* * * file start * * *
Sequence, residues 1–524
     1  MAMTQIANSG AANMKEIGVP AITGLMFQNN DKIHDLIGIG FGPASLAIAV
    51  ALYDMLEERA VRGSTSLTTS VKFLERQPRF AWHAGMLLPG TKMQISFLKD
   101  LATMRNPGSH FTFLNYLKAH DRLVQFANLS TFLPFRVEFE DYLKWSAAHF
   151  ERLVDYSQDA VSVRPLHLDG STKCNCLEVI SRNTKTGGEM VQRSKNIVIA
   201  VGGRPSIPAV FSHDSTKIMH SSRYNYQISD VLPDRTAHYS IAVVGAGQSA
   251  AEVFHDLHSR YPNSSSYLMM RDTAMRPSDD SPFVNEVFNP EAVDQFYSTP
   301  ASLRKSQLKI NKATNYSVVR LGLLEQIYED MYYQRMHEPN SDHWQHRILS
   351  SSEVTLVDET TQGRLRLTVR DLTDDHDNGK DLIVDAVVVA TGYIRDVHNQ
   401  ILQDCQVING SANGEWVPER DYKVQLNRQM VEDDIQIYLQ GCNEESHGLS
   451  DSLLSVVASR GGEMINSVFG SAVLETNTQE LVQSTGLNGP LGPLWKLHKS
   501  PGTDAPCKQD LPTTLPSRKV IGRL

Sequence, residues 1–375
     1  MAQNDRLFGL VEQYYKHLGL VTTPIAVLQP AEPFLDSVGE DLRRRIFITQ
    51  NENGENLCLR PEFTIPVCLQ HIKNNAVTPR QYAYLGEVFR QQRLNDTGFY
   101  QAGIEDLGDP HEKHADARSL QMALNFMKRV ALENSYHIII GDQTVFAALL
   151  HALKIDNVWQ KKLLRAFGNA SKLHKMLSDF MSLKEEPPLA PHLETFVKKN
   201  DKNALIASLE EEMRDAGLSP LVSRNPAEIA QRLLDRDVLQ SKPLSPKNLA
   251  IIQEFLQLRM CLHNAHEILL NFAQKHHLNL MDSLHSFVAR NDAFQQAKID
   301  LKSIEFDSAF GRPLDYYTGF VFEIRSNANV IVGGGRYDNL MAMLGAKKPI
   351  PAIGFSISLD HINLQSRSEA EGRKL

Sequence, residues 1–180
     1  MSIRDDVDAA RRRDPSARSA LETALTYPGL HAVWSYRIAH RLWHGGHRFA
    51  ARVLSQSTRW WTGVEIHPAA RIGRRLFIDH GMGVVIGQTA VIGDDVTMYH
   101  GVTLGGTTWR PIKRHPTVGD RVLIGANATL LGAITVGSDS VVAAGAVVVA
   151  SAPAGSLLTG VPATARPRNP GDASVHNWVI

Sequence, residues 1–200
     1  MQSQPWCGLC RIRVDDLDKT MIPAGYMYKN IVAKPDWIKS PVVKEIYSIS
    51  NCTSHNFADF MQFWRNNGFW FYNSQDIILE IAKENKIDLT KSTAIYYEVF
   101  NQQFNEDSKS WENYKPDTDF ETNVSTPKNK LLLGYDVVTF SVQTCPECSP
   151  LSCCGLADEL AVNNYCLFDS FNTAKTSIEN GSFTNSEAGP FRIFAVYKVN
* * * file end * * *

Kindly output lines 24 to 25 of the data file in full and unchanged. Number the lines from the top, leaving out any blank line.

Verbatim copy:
    51  ARVLSQSTRW WTGVEIHPAA RIGRRLFIDH GMGVVIGQTA VIGDDVTMYH
   101  GVTLGGTTWR PIKRHPTVGD RVLIGANATL LGAITVGSDS VVAAGAVVVA